Gautrain usage spikes as e-tolls take effect

2013-12-04 10:09

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Instead of covering their number plates with tablecloths to boycott the introduction of e-tolling, some Gauteng motorists have opted to use the Gautrain to travel between Pretoria and Joburg.

The Gautrain Management Agency said it experienced an increase of 7.5% in the use of the Gautrain on the first day of the implementation of the controversial e-tolls, indicating that many disgruntled motorists have opted not to buy e-tags but to use other modes of transport to get to work.

City Press visited the Pretoria Gautrain station yesterday afternoon and spoke to commuters, some of whom said they were against the introduction of tolling for some Gauteng freeways but would not break the law or answer the call by organisations, including the Opposition to Urban Tolling Alliance and union federation Cosatu, who have urged motorists to boycott e-tolling by not purchasing e-tags.

While some started using the train months ago, others went as far as borrowing Gautrain cards from relatives yesterday to test whether it was a convenient mode of transport.

Terry Biggs, an electronics expert who lives in Pretoria East, said he would be happy to use the Gautrain in future after borrowing his fiancée’s Gautrain card to test the bus routes around the Sandton area.

Biggs previously drove from Pretoria to Joburg five days a week.

“I work in Sandton and it will cost just over R2 000 a month as a regular [Gautrain] user. That’s not bad considering I spend more on petrol. But I still have to calculate how much I will spend on parking,” said Biggs, adding that he did not want to buy an e-tag because he hoped the toll tariffs would be decreased.

“I don’t want to break the law, that’s not me, but I want to travel without inconvenience so Gautrain has my support,” he said.

Another Gautrain commuter, Charmaine Zama, said many of his friends and relatives began using the Gautrain months ago.

“When you do the calculations whether on your pocket or the time spent in traffic, the Gautrain does present a better option. I will not be buying an e-tag and if need be I will use alternative routes when visiting friends,” she said.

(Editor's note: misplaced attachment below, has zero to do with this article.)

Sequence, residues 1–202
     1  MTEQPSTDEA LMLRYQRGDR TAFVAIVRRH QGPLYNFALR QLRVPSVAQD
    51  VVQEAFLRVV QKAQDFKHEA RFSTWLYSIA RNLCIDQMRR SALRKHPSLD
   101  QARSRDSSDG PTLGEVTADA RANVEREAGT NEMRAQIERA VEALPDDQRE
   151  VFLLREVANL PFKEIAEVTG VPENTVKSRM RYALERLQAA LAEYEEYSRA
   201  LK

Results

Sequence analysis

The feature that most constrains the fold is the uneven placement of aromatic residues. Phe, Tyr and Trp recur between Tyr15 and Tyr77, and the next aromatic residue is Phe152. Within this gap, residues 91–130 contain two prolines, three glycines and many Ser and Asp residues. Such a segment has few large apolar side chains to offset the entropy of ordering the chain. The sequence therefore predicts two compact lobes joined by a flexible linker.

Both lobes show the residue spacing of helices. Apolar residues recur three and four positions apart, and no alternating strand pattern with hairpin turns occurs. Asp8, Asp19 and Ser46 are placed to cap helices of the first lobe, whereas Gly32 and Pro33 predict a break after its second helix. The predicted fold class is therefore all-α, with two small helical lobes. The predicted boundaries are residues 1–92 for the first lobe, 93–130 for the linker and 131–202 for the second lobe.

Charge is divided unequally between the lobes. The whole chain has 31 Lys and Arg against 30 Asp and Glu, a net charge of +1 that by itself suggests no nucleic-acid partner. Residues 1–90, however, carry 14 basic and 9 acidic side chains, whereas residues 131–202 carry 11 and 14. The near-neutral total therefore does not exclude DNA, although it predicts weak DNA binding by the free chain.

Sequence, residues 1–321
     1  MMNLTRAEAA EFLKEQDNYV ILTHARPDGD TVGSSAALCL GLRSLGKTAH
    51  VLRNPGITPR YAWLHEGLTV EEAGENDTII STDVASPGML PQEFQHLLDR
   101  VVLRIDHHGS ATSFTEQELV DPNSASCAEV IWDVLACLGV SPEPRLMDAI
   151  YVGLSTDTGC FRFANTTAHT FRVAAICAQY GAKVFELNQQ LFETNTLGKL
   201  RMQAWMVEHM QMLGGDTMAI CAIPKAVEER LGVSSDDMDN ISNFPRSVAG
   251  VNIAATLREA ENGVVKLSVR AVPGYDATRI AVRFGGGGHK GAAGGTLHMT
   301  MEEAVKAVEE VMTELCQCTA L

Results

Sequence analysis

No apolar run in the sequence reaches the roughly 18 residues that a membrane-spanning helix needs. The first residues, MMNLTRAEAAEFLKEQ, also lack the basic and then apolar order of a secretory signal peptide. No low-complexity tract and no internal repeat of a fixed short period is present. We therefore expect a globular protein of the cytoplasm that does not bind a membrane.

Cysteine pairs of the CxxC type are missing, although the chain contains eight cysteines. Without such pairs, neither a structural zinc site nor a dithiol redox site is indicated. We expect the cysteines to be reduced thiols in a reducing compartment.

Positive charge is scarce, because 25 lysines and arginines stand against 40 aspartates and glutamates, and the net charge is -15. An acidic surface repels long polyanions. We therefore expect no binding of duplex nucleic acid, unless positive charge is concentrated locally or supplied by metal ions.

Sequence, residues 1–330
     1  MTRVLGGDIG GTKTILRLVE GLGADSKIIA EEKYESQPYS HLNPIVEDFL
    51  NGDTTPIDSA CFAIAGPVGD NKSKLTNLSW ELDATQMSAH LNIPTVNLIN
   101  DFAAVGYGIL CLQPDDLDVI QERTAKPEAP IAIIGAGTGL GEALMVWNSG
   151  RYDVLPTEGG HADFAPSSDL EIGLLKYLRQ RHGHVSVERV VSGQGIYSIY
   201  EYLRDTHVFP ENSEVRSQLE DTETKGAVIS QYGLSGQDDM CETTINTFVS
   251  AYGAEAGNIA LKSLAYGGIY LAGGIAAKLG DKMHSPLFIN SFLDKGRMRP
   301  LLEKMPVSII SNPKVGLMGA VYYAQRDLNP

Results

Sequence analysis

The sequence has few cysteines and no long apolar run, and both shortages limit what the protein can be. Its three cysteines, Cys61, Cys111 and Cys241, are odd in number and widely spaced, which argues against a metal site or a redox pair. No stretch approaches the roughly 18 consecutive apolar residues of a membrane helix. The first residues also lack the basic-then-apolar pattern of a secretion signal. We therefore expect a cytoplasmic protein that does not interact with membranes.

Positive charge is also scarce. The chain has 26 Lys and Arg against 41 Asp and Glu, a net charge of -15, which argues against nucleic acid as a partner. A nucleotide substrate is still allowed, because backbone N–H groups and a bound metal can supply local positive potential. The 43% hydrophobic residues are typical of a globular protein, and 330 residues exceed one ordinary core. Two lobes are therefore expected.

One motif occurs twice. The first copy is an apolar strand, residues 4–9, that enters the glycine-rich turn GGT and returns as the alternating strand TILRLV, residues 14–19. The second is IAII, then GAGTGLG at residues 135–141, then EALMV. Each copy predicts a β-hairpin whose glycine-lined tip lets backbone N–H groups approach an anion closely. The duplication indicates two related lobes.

Social networks were awash with photographs of vehicles driving under e-toll gantries with tablecloths illegally shielding licence plates to evade being detected as the controversial electronic tolling began yesterday. But it was unclear whether the photographs were authentic.

Errol Braithwaite, technical executive for the Gautrain Bombela Consortium, said the increase in the number of commuters was directly attributable to the e-tolls.

“Motorists are coming to have a look-see and find out if it works for them and if it’s convenient. We believe that we can accommodate more commuters who choose to use the Gautrain and we will monitor the numbers very carefully,” said Braithwaite.

On a typical Tuesday, there was an average of 48 675 Gautrain commuters and 18 441 bus commuters.

But yesterday, 52 350 Gautrain commuters travelled between Pretoria and Joburg, more than 4 000 new commuters compared with any other Tuesday, and 20 800 Gautrain bus commuters – 13% more than usual.

Braithwaite said they have plans in place to accommodate new commuters opting to use the train rather than the road.

“We’ve got some plans in place, including inserting an additional train in the morning peak period, which will increase capacity and we’re looking at adjusting the timetable for trains to run more frequently,” said Braithwaite.

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